New Delhi: Describing the biodiversity of India as a “unique treasure” for the entire humankind, Prime Minister Narendra Modi on Sunday urged people to preserve and conserve it.
Addressing his monthly ‘Mann ki Baat’ radio address, the prime minister referred to Tamil poetess Avvaiyar to drive home his point.
“What we know is just a handful of sand. What we do not know is like a universe in itself,” he said quoting her.
Similar is the case with the biodiversity of this country, the prime minister pointed out.
“The more you know, the more you realise the magnitude of what you do not know. Our biodiversity too is a unique treasure for the entire human kind. We have to preserve it, conserve it and explore further,” he said.
The prime minister said the traditions and the legacy we have inherited teaches us compassion toward all living beings and boundless love for nature.
To join the culture of hospitality, every year numerous species of birds from across the world come to India. Throughout the year, India is home to many migratory species. “We are told that more than 500 varieties of birds fly in from varied regions,” he pointed out.
He informed that recently, biologists discovered a new species of fish whose habitat is within the caves of Meghalaya. It is believed that this fish is the largest among aquatic species found under the surface of caves.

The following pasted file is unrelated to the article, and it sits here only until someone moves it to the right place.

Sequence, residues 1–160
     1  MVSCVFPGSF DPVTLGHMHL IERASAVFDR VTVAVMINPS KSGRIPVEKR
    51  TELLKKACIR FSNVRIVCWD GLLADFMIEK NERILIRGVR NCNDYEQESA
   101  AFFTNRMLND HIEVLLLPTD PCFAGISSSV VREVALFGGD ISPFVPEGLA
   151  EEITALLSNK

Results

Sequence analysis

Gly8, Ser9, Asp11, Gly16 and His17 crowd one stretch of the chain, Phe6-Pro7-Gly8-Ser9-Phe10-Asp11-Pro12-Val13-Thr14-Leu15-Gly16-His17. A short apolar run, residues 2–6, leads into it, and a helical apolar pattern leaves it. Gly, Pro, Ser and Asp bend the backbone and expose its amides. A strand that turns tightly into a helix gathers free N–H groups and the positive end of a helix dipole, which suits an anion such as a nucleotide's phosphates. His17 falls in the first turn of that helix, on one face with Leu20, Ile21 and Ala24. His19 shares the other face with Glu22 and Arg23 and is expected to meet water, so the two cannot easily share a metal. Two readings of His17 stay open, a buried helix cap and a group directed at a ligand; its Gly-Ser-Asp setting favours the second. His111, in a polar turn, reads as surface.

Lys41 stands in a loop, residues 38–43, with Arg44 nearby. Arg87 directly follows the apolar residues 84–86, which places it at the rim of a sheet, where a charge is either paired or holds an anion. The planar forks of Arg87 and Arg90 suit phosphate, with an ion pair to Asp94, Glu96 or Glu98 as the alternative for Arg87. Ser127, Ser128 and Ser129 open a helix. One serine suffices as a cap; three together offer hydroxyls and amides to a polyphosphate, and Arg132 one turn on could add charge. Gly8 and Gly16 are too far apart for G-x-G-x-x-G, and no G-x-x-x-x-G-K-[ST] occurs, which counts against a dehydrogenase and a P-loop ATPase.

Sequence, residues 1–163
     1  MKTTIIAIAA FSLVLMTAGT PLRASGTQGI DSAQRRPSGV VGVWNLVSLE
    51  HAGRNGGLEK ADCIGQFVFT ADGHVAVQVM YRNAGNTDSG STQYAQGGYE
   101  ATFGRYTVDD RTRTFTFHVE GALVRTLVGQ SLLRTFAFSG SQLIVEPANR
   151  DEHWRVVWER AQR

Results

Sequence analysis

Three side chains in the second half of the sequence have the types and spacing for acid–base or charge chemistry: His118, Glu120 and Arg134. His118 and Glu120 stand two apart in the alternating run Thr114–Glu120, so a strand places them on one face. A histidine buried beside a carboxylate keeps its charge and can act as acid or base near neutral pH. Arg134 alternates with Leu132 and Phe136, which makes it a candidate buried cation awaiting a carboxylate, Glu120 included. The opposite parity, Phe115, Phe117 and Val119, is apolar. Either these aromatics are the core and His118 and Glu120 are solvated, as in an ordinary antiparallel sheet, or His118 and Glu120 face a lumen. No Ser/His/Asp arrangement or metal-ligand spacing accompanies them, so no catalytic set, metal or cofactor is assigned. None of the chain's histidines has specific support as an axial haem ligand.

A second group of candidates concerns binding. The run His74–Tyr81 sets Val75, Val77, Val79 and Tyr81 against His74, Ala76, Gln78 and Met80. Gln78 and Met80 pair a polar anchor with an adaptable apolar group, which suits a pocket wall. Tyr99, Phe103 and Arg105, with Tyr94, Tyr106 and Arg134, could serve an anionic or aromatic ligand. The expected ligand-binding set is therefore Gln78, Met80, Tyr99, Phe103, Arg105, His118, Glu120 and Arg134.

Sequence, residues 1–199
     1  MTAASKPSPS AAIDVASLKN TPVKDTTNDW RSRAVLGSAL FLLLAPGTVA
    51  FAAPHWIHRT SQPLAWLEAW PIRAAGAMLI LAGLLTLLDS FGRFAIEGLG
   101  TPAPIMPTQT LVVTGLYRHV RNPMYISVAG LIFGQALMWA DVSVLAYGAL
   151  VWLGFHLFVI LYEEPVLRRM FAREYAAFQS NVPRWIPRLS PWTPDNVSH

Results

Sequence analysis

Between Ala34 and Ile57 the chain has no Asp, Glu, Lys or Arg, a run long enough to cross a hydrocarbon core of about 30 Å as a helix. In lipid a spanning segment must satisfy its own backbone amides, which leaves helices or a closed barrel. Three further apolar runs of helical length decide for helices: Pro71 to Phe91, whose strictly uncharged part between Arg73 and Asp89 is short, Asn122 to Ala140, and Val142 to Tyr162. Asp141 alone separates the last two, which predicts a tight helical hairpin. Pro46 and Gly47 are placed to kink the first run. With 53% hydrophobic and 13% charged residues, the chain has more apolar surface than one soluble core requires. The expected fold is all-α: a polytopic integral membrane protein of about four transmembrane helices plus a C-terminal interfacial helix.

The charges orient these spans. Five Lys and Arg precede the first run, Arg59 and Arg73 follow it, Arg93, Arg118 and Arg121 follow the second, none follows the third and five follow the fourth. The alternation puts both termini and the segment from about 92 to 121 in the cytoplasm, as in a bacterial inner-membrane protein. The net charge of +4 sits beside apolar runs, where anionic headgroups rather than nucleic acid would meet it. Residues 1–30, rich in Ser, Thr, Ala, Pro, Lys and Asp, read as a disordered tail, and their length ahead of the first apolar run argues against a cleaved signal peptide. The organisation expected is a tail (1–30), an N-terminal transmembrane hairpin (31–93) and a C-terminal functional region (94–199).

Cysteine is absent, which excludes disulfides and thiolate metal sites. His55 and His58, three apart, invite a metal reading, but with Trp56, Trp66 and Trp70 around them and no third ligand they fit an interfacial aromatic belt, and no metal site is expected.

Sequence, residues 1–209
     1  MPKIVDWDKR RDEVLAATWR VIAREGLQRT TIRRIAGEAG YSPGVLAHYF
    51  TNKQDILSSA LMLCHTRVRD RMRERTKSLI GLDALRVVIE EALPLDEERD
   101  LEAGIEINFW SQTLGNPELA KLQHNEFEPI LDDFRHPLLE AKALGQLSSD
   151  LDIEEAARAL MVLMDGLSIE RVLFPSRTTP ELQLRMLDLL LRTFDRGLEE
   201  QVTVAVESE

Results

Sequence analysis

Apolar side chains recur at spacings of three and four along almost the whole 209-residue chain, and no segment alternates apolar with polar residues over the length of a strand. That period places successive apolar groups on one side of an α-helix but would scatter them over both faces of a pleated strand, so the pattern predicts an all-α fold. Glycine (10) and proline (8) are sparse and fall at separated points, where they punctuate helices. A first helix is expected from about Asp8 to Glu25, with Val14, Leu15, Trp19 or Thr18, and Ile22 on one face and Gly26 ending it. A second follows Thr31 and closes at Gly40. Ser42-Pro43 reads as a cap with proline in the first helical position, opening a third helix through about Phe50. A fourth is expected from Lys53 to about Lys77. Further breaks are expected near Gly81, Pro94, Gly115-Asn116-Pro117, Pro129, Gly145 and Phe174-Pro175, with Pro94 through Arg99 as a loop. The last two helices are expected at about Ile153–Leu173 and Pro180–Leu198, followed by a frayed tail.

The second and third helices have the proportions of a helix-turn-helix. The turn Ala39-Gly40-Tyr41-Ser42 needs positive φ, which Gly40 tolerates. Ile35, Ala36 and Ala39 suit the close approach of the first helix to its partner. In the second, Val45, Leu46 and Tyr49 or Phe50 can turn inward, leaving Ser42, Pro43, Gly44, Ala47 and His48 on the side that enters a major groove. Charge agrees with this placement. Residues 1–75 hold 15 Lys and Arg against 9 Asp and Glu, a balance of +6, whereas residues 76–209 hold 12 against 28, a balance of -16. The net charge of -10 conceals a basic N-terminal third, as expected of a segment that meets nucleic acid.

“It a matter of joy that India, and especially Meghalaya, is home to a rare species. It lends a new facet to India’s biodiversity. We are surrounded by many such mysteries, which are still undiscovered. To discover such a phenomenal enigma calls for fierce detective passion,” he said.
In his address, the prime minister also referred to the ‘Hunar Haat’ organised by the Ministry of Minority Affairs at the Rajpath. Last week Modi made a surprise visit to the Haat where he interacted with people, had litti-chokha for lunch and enjoyed a hot kulhad of tea.
He said the Haat is a fine example of India’s diverse expanse, cultures, traditions, cuisines and the warmth of emotions.
“It is a venue where it is impossible to overlook the country’s diversity. Besides handicrafts, it displays the diversity of India’s varied cuisine too. In a single row, one could savour the sight of idli-dosa, chhole-bhature, daal-baati, khaman-khandvi …,” he said.
He urged people to visit such haats to be a part of the country’s art-culture canvas. “You will also contribute in the progress and prosperity of hardworking craft persons, especially women,” he said.
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